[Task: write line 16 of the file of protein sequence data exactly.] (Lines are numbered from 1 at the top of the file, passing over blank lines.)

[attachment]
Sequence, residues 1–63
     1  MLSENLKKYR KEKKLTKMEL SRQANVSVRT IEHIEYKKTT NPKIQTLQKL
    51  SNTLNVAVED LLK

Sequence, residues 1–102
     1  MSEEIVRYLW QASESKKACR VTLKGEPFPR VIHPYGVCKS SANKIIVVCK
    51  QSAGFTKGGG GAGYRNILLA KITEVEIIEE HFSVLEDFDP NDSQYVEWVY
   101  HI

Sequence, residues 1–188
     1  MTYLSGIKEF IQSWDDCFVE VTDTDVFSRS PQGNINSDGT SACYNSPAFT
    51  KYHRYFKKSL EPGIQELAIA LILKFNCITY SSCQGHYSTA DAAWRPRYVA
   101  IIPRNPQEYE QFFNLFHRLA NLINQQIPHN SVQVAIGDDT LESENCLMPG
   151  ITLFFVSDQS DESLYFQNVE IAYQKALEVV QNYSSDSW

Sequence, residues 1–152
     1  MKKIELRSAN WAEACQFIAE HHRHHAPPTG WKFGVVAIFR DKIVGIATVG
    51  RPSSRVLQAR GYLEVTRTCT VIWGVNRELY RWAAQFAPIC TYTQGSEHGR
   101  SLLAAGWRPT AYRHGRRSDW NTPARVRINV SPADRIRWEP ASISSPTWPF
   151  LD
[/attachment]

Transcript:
   101  SLLAAGWRPT AYRHGRRSDW NTPARVRINV SPADRIRWEP ASISSPTWPF